It’s not knitting

I was at a user group meeting the other day where the speaker was giving a brief introduction to design patterns. The first pattern, as always, was the classic Singleton. After talking about the bad points of the Singleton pattern itself, in particular the problems it causes for unit testing and the lack of scalability, the presenter talked though the double check locking implementation.
 
        private static Class2 m_Singleton = null;
        private static object m_Lock = new object();
        public static Class2 Instance()
        {
            if (m_Singleton == null)
            {
                lock (m_Lock)
                {
                    if (m_Singleton == null)
                    {
                        m_Singleton = new Class2();
                    }
                }
            }
            return m_Singleton;
        }
 
He then pointed out that this was old school and that there was better way in C# to do the Singleton.
 
        static Class1 m_Singleton = new Class1();
        static Class1()
        {
        }
        public static Class1 Instance()
        {
            return m_Singleton;
        }
 
Note that the empty static constructor is there to prevent the C# code compiling to IL with the field marked as beforefieldinit which would allow the CLR to run the initializer at any time. With the static constructor the first time that m_Singleton can be initialised is on access to the class.
 
What he didn’t point out was that there’s a very obvious case where the "old" implementation is far better. If the field initialization throws an exception, then the "old" pattern will keep trying to make the Singleton when the Instance method is executed. The "new" style implementation will keep throwing the exception from the first failure.
 
    public class Class1
    {
        … new style code above …
        static int m_Count = 0;
        Class1()
        {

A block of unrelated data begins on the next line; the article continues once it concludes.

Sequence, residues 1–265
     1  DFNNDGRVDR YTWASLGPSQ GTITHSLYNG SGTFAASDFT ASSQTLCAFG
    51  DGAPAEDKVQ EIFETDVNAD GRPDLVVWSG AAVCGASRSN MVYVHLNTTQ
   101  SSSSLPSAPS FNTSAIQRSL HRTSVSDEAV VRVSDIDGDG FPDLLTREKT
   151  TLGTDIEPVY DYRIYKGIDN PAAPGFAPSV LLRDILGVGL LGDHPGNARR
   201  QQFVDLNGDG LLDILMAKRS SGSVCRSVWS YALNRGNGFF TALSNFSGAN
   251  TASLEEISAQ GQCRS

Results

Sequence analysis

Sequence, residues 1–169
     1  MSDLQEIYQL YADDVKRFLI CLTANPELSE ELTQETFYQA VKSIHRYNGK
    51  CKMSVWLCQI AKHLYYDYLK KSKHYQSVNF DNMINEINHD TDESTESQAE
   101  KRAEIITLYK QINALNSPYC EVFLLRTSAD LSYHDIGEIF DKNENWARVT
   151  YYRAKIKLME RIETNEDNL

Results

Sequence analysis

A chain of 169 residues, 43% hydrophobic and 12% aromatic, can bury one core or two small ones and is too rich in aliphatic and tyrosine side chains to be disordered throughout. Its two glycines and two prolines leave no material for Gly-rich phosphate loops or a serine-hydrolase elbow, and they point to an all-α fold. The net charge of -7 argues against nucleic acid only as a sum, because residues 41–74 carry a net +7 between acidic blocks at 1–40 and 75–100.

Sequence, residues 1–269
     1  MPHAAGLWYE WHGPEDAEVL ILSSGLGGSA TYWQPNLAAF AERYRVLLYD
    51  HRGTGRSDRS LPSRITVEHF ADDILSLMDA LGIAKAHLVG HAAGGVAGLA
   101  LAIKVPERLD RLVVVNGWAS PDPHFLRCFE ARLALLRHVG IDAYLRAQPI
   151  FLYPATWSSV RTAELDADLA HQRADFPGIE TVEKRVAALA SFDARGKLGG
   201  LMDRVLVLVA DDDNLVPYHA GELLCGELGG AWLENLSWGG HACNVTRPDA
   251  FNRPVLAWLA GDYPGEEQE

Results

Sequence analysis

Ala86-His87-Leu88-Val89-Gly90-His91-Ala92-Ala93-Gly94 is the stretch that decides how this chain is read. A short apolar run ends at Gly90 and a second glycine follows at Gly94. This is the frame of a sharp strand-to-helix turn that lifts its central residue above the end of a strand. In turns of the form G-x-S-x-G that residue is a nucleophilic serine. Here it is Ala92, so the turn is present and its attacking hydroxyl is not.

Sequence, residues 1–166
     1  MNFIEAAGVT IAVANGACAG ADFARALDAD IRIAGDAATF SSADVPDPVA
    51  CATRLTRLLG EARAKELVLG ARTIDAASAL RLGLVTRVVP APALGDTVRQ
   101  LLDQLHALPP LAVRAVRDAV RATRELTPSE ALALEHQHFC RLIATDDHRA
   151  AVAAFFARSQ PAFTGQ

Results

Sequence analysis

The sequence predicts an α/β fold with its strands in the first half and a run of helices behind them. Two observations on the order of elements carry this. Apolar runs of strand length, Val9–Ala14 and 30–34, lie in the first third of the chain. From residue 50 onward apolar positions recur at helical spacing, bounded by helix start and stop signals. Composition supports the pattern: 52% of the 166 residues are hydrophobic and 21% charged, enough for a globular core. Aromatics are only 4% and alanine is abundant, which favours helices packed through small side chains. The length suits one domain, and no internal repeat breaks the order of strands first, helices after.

Console.WriteLine("Making instance");
            if (m_Count == 0)
            {
                Console.WriteLine("Throw");
                m_Count++;
                throw new Exception();
            }
        }
    }
 
    public class Class2
    {
        … old style code above ….
        static int m_Count = 0;
        Class2()
        {
            Console.WriteLine("Making instance");
            if (m_Count == 0)
            {
                Console.WriteLine("Throw");
                m_Count++;
                throw new Exception();
            }
        }
    }
 
Trying the following harness code, first for Class1 and then with all instances of Class1 replaced by Class2,
 
        static void Main(string[] args)
        {
            Exception caught = null;
            try
            {
                Class1 a = Class1.Instance();
            }
            catch (Exception x)
            {
                Console.WriteLine("Exception");
                caught = x;
            }
            try
            {
                Class1 b = Class1.Instance();
            }
            catch (Exception x)
            {
                Console.WriteLine("Exception 2 – {0}", x == caught);
            }
        }
 
We see that the "old" style keeps trying to make a Singleton and snapshots it on success, whereas the "new" style has one go at making it and then returns the same exception object thereafter.
 
This point brought home to me just how subtle code can be and how often "equivalent" code is only equivalent from one perspective but behaves completely differently in other dimensions. In the "new" style, the mechanics of the locking has been pushed into the virtual machine making the code cleaner, but this has also resulted in a slight loss of control for the programmer.
 
The GOF patterns are great but are not universal across all languages. The talk caused me to have another look at Greg Sullivan’s survey of the standard patterns and how they are implemented in dynamic languages, better patterns through reflection, which is a good read.
 
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